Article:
and severe loss of vision in one or both eyes. Any new symptom or deterioration of pre-existing symptoms must at least be monitored attentively and if necessary be explored to determine its etiology and rule out any dysimmune cause that could be worsened by immunotherapy continuation. Although early recognition and treatment improves symptoms and severity, a broad differential diagnosis should be entertained. It is recommended that all patients receiving these agents routinely have thyroid function studies, complete blood counts, and liver function and metabolic panels at each treatment and at intervals of 6 to 12 weeks for the first 6 months after finishing treatment. Adrenocorticotropic hormone, cortisol, and in men, testosterone should also be checked in patients who develop fatigue and nonspecific symptoms. Follow-up testing may need to increase in frequency based on individual response and adverse events that occur[3]. It is challenging to differentiate between infection, early pulmonary edema, alveolar hemorrhage, immune-mediated pneumonitis, immune-related tumor inflammation, and tumor progression (figure 1). Infections, thromboembolism, congestive heart failure, and COPD are among the many diagnoses to consider before committing patients to a long course of steroid therapy with additional consideration of prophylaxis for opportunistic (i.e., pneumocystis with or without fungal) infections. Pulmonary specialty consultation and consideration of bronchoscopic evaluation with lavage to assess for infections alongside biopsies of lung tissue can help narrow the diagnosis. IrAEs can develop at any time: at the beginning, under treatment and after immunotherapy termination. As shown with nivolumab, the majority of irAEs occur within the first 4 months[4]. On the basis of this median time to onset, irAEs could be classified as early (median time to onset <2 months) and late toxicities (median time to onset >2 months). Early toxicities include skin (5 weeks), gastrointestinal (7.3 weeks) and hepatic (7.7 weeks), whereas late toxicities include pulmonary (8.9 weeks), endocrine (10.4 weeks) and renal (15.1 weeks). However, clinicians should keep in mind that all toxicities can develop at any time since confidence interval may vary widely among organs: 0.1–57 weeks for skin; 0.1–37.6 weeks for gastrointestinal. Rarely, other irAEs may occur after week 24 with any checkpoint-blocking antibodies. In trials including maintenance ipilimumab, colitis has been seen 47 months from initiation of treatment[5]. Patients with prior autoimmune diseases or a history of viral hepatitis have been excluded from receiving ipilimumab on trials, but recent data suggest that the drug can be given safely to those patients. Nonetheless, extreme caution should be taken in treating patients with recent or ongoing autoimmune conditions, particularly any type of inflammatory bowel disease[6]. Management algorithms have been established for patients treated with immunotherapy, which may be useful in helping to manage irAEs but they are based upon clinical experience, since no prospective trials have been conducted to guide the treatment of irAEs. Resolution of irAEs usually follows a temporal pattern: 2 weeks for gastrointestinal, 4 weeks for hepatic, 6 weeks for skin, and 20 weeks for endocrine irAEs[7]. The key to successful management of checkpoint protein antibody toxicities is early diagnosis, high suspicion, excellent patient-provider communication, and rapid and aggressive use of corticosteroids and other immune suppressants for irAEs. Effective biomarkers to predict toxicity could be valuable in the development of these agents. Figure 1 FIGURE 1: CT scan of a patient with non-small cell lung cancer presenting with cough, dyspnea, and hypoxia on an immunotherapy drug. References: Fecher LA, et al: Ipilimumab and its toxicities: A multidisciplinary approach. Oncologist 18:733-743, 2013 Champiat S. et al., Management of immune checkpoint blockade dysimmune toxicities: a collaborative position paper Annals of Oncology Volume 27, No. 4, 559-74, 2016 Weber JS et. al. Toxicities of Immunotherapy for the Practitioner, J of Clin Oncol., volume 33, No 18, 2092-2099, 2015 Weber JS et al. Safety profile of nivolumab (NIVO) in patients (pts) with advanced melanoma (MEL): a pooled analysis. J Clin Oncol 2015; 33 (suppl): abstr 9018 Sarnaik AA et al: Extended dose ipilimumab with a peptide vaccine: Immune corre- lates associated with clinical benefit in patients with resected high-risk stage IIIc/IV melanoma. Clin Cancer Res 17:896-906, 2011 Hodi FS, et al: Ipilimumab plus sargramostim vs ipilimumab alone for treatment of metastatic melanoma: A randomized clinical trial. JAMA 312:1744-1753, 2014 Weber JS, et al. Management of immune-related adverse events and kinetics of response with ipilimumab. J Clin Oncol. 2012;30:2691-2697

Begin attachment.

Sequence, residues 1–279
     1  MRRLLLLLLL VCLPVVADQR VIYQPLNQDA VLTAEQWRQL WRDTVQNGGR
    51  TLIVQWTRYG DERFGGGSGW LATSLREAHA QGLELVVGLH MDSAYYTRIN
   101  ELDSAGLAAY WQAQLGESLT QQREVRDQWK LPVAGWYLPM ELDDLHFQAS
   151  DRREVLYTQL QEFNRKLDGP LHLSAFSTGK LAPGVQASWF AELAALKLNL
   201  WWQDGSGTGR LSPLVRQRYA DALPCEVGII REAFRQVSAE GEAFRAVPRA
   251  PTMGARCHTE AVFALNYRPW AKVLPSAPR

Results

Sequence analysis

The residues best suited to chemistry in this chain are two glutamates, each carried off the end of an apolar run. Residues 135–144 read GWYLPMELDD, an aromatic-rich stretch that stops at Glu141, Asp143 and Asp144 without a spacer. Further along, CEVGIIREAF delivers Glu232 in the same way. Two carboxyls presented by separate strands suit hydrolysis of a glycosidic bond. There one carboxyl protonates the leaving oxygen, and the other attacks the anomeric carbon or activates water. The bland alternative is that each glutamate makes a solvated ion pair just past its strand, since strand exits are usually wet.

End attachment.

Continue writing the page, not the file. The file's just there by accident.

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    MA 17 - Locally Advanced NSCLC (ID 671)